Coming almost a generation after Bach’s Brandenburg concertos, Telemann’s concerti-en-suite exhibit a still-wonderful flexibility in the definition of what makes a concerto (or suite, for that matter) and express a genuine joy in communal music-making, before the form had fully hardened into a vehicle for spotlit virtuosity.
What a treat it is to have a new album from the British ensemble the Gonzaga Band that contains not one but seven world premieres as exciting as they are excellent.
A new Naxos CD featuring baroque violinist Augusta McKay Lodge reveals the extent to which Bach stood on the shoulders of predecessors named Baltzar, Biber, and Matteis and was in the company of contemporaries like Pisendel, Nogueira, and Locatelli.
Canadian-born violinist Christina Day Martinson and Boston Baroque have released a two-CD set on the Linn label featuring Heinrich Ignaz Franz Biber’s 15 short Mystery Sonatas for violin and continuo.
The origins of these works in private musicking, the spare accompaniment, and the musicians’ sensitive interplay make this a thoroughly intimate affair.
Jeffrey S. Sposato has carefully constructed a narrative that threads together a wealth of political, social, and musical history, bringing clarity to a topic deserving of such attention.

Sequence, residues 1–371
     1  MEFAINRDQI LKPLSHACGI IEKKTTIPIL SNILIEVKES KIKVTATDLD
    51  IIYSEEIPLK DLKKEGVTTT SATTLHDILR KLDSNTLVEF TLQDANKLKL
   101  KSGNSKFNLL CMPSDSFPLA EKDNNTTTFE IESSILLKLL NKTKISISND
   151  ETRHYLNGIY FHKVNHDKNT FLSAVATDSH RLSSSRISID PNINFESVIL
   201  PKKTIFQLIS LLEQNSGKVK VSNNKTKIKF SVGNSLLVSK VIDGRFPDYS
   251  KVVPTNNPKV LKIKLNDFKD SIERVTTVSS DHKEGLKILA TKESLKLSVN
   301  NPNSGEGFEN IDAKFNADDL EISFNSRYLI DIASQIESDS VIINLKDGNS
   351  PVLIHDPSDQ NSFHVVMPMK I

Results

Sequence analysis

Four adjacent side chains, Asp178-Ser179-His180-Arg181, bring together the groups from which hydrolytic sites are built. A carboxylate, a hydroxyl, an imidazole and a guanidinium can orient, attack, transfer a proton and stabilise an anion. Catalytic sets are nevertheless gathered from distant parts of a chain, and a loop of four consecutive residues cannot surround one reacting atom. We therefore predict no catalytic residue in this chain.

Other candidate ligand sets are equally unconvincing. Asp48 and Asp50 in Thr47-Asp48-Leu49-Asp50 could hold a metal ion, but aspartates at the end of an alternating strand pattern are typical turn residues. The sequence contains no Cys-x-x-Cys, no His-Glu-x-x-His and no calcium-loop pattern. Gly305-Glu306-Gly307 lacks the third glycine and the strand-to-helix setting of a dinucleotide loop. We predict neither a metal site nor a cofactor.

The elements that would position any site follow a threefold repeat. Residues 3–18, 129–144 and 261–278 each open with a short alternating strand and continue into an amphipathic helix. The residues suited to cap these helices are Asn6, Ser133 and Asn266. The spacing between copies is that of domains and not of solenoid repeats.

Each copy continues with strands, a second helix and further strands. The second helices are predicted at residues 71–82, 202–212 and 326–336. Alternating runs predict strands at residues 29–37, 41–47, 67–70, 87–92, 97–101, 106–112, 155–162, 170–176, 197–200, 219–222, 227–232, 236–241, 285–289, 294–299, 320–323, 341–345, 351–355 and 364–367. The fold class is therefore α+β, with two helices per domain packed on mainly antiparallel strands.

Byron Schenkman’s recent recording, “The Art of the Harpsichord from Cabezón to Mozart,” released on his own label, features performances on eight instruments in the vast collection at the National Music Museum in Vermillion, SD.
A listener could enjoy this disc for years without ever finding out (or caring) that it is a reissue of a 1979 Archiv LP. Trevor Pinnock and The English Concert’s contributions to early music and historically-informed performance are now the stuff of textbooks, yet nearly 40 years later these performances continue to crackle with energy and insight …
This wonderful and much-needed monograph not only provides the essential information about Cousser’s life and career, but also allows us to examine the contents of a precious little book, pocket-sized, that Cousser kept and wrote in from the 1690s until his death.
The pieces range from (largely untexted) Magnificats, motets, and anthems to French, Italian, and English secular music and more than 60 instrumental works.